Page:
Initially, a distinction must be made between the technological development of electronic instruments and the music conceived to utilize the inherent advantages of these instruments. Experiments in electronic tone production began soon after the invention of the vacuum tube (see electron tube). The first important instrument, the theremin, invented by the Russian Leon Theremin in 1920, used interference beats of two oscillators to produce sine-wave tones. The Ondes Martinot, invented in 1928, and the Trautonium, invented in 1930, were of similar design.
The earliest pieces of electronic music used recorded sounds that were then electronically altered to create sonic collages. This style, called musique concrete, was developed in Paris in 1948 by Pierre Schaeffer. The invention of the tape recorder in the late 1940s gave composers new means for modifying recorded sounds, including splicing (cutting the tape to create new juxtapositions of sound), speed variation (which changes the pitch of the recorded sound), and mixing (which allowed two or more different recordings to be played back at the same time). In popular music, Les Paul was one of the pioneers of electronic music, inventing the first solid-body electric guitar in 1946 and recording music in the 1950s in an eight-track recording studio of his own design.
Controlling aspects of the musical sound by means of voltage regulation eventually led to the invention of synthesizers, devices that could produce and modify sound for musical applications. Among the earliest of these was the RCA synthesizer developed in the late 1950s and used extensively by composer Milton Babbitt in many of his electronic works. In the 1950s various studios that specialized in the production of electro-acoustic music were developed, including the West German Radio Studio in Cologne, associated with composer Karlheinz Stockhausen, the Italian Radio Studio in Milan, associated with Luciano Berio and Bruno Maderna, and the Columbia-Princeton Electronic Music Center, associated with Otto Luening, Vladimir Ussachevsky, Mario Davidovsky, and Babbitt.
During the 1960s synthesizers were made widely available by companies such as Moog (see Moog, Robert) and Buchla and found widespread usage in rock music. Popular groups such as the Beatles and the Beach Boys began experiments in multitrack recording, years after the innovations of Paul, that enabled several different recordings to be synchronized on the same tape. Eventually synthesizers switched from voltage control to digital control.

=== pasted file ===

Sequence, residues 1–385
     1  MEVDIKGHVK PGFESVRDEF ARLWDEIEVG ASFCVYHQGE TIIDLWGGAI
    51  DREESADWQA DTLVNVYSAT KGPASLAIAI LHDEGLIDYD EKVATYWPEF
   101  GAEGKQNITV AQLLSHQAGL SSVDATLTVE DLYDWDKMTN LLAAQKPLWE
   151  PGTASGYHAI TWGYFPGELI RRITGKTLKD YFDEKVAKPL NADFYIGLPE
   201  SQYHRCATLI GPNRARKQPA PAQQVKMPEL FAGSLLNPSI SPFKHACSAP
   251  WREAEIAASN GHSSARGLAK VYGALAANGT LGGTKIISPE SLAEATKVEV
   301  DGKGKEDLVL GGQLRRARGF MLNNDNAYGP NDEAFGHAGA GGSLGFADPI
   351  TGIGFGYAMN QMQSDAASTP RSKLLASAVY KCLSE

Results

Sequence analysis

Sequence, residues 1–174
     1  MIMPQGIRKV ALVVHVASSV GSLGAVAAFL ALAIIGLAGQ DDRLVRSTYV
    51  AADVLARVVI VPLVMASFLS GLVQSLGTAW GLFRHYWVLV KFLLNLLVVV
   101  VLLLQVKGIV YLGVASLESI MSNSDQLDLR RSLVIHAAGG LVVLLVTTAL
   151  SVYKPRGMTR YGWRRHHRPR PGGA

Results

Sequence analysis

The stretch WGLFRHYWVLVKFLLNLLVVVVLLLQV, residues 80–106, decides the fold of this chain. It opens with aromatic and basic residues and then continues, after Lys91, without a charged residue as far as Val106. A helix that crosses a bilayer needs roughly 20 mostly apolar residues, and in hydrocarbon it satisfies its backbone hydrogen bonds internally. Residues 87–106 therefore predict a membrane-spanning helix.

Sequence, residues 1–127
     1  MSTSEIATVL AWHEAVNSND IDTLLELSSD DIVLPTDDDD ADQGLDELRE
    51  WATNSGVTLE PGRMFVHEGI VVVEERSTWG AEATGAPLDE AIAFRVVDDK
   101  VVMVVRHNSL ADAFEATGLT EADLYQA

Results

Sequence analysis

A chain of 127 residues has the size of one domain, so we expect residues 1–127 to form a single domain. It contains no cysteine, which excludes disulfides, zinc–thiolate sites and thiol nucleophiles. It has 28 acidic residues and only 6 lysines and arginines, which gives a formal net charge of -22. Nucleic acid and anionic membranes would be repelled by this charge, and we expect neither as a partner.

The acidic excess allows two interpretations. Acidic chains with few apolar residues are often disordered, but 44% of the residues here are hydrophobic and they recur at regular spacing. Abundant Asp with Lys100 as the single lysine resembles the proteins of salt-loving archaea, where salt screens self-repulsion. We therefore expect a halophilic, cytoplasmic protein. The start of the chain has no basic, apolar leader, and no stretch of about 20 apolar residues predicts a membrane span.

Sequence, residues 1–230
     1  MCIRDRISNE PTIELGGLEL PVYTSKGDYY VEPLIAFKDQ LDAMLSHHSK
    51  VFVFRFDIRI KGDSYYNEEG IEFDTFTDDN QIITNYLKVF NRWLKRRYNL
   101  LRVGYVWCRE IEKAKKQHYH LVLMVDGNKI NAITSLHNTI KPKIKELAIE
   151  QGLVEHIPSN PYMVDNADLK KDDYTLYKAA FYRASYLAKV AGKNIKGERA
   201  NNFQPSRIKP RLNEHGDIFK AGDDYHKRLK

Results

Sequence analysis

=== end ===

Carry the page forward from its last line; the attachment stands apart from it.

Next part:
In 1983 the MIDI (Musical Instrument Digital Interface) standard was agreed on by synthesizer manufacturers (see computer music). This digital code enables different electronic devices to communicate a variety of information to each other and allows computer control of synthesizer output. MIDI can also be used to control a wide range of equipment in addition to synthesizers; these include mixers, lights, and signal processors (devices that modify sounds by adding reverberation, by modifying pitch, and by other means).
Today MIDI is widely used in both academic and popular musical production. In MIDI production, computers are often used as sequencers (devices that control the output of musical instruments and signal processors). Throughout the last three decades of the 20th cent. electronic music increasingly became a part of pop music compositions, eventually allowing a solo artist to compose, produce, and perform music that employs a full complement of instrumental sounds. In the 1980s MIDI was also used in the creation of the radio baton, a new instrument that allows players to control the nuances of the music played.
See P. Manning, Electronic and Computer Music (1985); C. Anderton, The Electronic Musician's Dictionary (1988); H. Russcol, The Liberation of Sound: An Introduction to Electronic Music (1990); F. Rumsey, MIDI Systems and Controls (1990); N. Collins and J. d'Escrivan, The Cambridge Companion to Electronic Music (2007).
The Columbia Electronic Encyclopedia, 6th ed. Copyright © 2012, Columbia University Press. All rights reserved.
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